Economists tend to believe that voting in today’s electoral systems is a waste of your effort and time. Mathematically speaking, that’s technically true. If there’s a million people in your economy voting for a specific party, how’s your vote going to have any impact on the outcome of such an election? Might as well use the time you spent going to voting booth to do something more worthwhile, like watching cat videos or keeping up with the news on who punched whom.
Another characteristic of economists is that they love (like, I mean actually LOVE) efficiency, specifically efficiency in allocating resources. The method to achieve this utopian, perfect use of our resources is through something called the “price mechanism”. Just so that I don’t go on an excessively prolonged fangirling rant over the perfection of this mechanism, I’ll keep the description of the system short: everything is determined through prices. If you can afford the product, you should have the right to purchase it. If you can afford to produce the product at that price, you should have the right to sell it at that price. And so, the market “automatically” adjusts itself based on who can afford the product, creating a perfectly efficient interaction between consumers and suppliers.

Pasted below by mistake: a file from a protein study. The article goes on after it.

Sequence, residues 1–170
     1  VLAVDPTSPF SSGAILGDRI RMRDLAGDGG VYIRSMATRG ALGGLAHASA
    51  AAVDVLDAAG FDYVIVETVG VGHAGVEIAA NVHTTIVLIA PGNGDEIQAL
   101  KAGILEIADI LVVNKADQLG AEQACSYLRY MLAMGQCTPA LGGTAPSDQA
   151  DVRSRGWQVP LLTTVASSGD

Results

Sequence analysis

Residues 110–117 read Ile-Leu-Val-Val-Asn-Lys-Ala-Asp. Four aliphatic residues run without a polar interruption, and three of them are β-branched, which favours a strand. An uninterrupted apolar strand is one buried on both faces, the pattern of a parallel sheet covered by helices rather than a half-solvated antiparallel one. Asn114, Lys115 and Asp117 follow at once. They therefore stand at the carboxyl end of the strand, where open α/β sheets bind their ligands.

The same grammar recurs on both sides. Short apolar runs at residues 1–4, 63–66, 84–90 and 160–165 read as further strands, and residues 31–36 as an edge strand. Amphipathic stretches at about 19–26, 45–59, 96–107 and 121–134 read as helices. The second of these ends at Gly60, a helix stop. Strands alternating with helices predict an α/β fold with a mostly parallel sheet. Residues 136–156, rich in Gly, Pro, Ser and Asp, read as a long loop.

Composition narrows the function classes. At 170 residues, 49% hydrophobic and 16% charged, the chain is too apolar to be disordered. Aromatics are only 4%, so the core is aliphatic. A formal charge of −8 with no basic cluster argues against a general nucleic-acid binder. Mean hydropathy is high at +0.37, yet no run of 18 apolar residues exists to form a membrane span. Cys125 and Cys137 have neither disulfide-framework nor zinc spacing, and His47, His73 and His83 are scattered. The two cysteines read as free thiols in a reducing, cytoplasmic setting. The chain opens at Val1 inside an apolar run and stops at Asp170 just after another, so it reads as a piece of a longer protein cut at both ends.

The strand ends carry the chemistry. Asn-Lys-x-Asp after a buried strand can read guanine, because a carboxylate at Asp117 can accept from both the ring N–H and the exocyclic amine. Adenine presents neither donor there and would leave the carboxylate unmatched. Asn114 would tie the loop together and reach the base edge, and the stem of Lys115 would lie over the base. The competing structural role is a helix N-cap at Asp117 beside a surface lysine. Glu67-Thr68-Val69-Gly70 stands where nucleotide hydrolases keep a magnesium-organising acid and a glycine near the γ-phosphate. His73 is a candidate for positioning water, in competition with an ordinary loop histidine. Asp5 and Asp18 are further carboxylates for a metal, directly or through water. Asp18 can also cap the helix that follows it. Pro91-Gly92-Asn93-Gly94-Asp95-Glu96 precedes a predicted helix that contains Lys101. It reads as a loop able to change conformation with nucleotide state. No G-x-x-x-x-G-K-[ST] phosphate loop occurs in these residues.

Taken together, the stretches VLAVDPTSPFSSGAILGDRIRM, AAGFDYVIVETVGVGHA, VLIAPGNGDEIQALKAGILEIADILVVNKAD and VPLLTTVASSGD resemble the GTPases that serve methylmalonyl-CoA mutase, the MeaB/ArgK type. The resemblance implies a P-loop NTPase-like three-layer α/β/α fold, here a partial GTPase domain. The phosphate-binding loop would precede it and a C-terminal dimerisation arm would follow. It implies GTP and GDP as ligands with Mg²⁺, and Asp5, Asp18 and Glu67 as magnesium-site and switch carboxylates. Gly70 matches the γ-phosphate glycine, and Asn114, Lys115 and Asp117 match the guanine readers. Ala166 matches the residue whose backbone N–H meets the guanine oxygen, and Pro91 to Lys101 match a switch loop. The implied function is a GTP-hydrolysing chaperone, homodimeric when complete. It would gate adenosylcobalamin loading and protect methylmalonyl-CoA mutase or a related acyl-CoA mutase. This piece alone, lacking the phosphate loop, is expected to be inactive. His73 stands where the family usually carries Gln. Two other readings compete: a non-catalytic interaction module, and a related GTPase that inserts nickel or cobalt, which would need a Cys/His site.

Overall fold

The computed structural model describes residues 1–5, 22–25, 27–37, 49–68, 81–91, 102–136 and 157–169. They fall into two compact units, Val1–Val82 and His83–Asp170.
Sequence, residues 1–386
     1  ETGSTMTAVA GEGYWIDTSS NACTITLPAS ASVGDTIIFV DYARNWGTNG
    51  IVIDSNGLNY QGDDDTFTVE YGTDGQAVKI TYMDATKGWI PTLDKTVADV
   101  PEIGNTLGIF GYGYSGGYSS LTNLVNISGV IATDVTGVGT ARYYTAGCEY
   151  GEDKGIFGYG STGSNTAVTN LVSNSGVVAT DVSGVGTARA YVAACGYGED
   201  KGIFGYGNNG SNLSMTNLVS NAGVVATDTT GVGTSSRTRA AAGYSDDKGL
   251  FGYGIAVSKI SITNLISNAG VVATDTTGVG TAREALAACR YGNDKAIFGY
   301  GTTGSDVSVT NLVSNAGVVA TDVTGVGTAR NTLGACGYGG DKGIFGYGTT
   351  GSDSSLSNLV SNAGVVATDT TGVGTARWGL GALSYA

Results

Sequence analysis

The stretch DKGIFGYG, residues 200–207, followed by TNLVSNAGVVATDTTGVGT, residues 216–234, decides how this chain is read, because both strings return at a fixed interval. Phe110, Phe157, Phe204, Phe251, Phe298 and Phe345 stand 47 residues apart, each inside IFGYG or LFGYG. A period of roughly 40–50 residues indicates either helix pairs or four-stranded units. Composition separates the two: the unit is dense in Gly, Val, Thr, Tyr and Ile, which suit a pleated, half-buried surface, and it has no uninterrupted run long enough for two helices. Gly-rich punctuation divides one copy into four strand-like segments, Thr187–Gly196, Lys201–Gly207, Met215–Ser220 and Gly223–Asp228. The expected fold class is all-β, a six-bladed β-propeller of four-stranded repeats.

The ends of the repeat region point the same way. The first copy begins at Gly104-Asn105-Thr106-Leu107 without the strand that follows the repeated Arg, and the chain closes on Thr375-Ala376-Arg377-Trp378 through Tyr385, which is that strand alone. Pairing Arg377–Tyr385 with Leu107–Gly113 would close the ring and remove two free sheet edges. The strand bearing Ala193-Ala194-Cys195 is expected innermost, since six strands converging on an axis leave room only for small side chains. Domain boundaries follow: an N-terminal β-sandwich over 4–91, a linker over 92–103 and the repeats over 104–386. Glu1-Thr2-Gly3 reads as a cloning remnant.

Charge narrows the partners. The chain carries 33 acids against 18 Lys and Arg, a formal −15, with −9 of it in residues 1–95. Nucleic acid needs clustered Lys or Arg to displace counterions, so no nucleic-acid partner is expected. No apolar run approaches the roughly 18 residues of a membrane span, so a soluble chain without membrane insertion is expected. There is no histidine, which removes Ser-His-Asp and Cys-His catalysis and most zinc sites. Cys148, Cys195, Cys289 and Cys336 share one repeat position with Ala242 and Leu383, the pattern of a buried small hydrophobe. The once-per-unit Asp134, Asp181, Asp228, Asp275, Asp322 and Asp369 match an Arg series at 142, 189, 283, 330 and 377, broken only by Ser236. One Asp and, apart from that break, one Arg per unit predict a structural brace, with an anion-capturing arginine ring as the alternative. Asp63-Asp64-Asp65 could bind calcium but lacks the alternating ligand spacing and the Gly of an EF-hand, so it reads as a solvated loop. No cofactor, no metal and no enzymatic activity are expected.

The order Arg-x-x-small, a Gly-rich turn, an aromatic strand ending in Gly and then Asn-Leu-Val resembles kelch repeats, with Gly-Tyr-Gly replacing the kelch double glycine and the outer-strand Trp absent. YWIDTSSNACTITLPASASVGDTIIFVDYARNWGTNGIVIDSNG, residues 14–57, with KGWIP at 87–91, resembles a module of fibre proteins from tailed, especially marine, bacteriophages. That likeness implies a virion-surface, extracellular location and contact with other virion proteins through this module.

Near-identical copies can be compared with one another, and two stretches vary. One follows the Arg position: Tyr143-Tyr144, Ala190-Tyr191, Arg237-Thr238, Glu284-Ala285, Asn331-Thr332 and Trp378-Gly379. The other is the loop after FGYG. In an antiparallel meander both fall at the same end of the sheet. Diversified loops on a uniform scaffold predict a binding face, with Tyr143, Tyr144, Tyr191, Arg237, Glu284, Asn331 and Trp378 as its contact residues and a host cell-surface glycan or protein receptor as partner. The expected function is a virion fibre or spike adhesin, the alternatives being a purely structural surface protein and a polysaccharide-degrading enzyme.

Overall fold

Let’s just get to the point already. If this system is so perfect, why not have a price mechanism in our electoral system? This idea was introduced by Freakonomics co-author, Steven D. Levitt, in his book “When to Rob a Bank”. What if we had to pay for our votes? Sometimes in today’s political system, you may have certain people voting just for the sake of it, maybe because all their friends are doing so. As soon as you attach a price to your vote, then only the people who actually care will vote. Another aspect of this system is that you can vote multiple times, with each new vote getting exponentially more expensive. For example:
Vote 1 cost $1
Vote 2 costs $4
Vote 3 costs $9
Vote 4 costs $16
And so on. Hence, your desire for a certain party to win can be reflected by the amount you spend on it. At the end, all of the funds would be collected, and would be equally dispensed to all voters.
Now, I know what you’re thinking… Rich people will have an advantage here! They will be able to spend excessive funds on their votes and sway the election in their favour! But I mean… don’t they already have substantial influence over elections anyway? Politicians spend BILLIONS of dollars on electoral campaigns. Maybe this new system will be more democratic than our existing one, if of course campaign spending is strictly limited… If this system is truly as efficient as the price mechanism, maybe we can effectively “allocate” political influence and really have socially desirable leaders in power.
Besides, the rich already consume a lot of everything, why not let them consume more of political influence?